His own song, “Taxi,” off his latest album, Riot Boi, he explained, is a song “about my personal fears of rejection over my complexion and how that has been met in reality, both romantically and in very small ways… “

All four, he noted, gave voice to the black American dream, describing struggles to which he could relate and with an acceptance of difference in perspective, of moral ambiguity.

To listen to the interview and accompanying music clips, click here.

Morgan Presents Phase Space Research at Gaseous Electronics Conference

Professor Tom Morgan, Andrew Murphy '11 and Jace Haestad '11 recently presented their research "Closed Orbits in Phase Space" in Hawaii. 

Professor Tom Morgan presented “Closed Orbits in Phase Space” in Hawaii.

Tom Morgan, Foss Professor of Physics, recently attended the 68th Gaseous Electronics Conference of the American Physical Society in Honolulu, Hawaii and presented a poster dealing with the behavior of giant atoms with an electron far from the nucleus in phase space. Andrew Murphy ’11 and Jace Haestad ’11 contributed to the study.

Phase space is a momentum-velocity space that provides a different perspective on atomic behavior. Looking at atoms from this viewpoint provides a mechanism to uncover new insight into their quantum nature.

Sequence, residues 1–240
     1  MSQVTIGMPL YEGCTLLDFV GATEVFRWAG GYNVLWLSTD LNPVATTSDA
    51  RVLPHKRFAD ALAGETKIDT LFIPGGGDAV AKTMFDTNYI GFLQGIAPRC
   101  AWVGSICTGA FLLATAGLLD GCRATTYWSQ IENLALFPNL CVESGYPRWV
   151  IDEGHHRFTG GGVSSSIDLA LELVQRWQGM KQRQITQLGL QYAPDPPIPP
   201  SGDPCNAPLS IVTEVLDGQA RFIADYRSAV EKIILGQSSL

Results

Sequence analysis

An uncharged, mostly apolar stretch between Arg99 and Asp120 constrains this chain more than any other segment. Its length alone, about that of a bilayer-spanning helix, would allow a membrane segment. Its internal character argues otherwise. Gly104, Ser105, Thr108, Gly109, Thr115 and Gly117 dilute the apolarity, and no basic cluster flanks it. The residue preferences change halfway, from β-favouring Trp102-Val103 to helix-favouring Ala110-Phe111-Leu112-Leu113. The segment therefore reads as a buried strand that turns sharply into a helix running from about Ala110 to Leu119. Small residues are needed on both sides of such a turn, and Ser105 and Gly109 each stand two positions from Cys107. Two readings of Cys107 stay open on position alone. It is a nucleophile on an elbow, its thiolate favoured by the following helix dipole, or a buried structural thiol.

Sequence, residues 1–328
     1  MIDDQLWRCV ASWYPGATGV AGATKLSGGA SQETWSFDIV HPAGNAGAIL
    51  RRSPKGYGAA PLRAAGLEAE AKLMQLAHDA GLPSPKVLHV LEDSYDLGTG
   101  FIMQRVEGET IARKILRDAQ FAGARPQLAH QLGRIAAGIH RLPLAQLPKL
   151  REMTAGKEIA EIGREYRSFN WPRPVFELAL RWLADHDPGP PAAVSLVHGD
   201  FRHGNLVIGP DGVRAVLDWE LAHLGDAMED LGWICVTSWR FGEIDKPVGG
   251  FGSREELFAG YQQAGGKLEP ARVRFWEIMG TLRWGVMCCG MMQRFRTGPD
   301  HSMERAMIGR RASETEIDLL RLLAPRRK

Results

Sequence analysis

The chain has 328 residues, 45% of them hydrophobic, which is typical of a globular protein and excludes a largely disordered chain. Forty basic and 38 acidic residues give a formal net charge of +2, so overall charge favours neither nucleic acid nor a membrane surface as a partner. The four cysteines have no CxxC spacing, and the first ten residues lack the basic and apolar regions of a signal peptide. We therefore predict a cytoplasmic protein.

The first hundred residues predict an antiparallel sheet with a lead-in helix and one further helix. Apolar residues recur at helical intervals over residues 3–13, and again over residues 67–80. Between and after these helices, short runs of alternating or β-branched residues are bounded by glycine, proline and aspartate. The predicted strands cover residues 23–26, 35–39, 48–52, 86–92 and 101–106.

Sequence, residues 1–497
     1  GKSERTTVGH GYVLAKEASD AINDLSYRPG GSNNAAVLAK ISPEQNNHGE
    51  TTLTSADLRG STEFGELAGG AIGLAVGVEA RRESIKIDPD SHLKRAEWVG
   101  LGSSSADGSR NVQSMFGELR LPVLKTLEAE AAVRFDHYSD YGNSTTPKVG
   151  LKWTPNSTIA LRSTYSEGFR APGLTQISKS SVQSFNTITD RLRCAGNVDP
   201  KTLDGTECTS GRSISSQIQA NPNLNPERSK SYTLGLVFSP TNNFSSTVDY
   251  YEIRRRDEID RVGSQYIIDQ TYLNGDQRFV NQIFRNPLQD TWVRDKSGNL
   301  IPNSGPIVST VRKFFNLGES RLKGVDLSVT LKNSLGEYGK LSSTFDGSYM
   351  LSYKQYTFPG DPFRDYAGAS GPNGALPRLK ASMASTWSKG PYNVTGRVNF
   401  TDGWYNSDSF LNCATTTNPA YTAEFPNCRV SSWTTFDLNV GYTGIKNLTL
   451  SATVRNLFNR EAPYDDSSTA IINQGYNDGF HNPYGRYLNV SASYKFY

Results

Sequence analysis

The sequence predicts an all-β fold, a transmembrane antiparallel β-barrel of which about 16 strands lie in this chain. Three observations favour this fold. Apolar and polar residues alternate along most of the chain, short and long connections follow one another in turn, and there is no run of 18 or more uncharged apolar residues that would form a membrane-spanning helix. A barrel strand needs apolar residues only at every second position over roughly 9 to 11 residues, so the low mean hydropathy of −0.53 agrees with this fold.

Morgan also took the opportunity to reconnect with a Japanese colleague, Professor Tomoyuki Murakami, at Seikei University, Tokyo, whom Morgan spent the month of June visiting in Tokyo. Morgan and Murakami took the occasion to work on a paper on research undertaken collaboratively with Lutz Huwel, Professor of Physics, and Professor Bill Graham of Queen’s University, N. Ireland, on the behavior of the air-water interface after focused laser induced plasma breakdown. The air-water interface is ubiquitous with applications to biology, environmental studies, chemical analysis and medicine, but its detailed behavior is not well understood. The collaboration uses both state of the art computer simulation and experimentation to elucidate its dynamics and structure.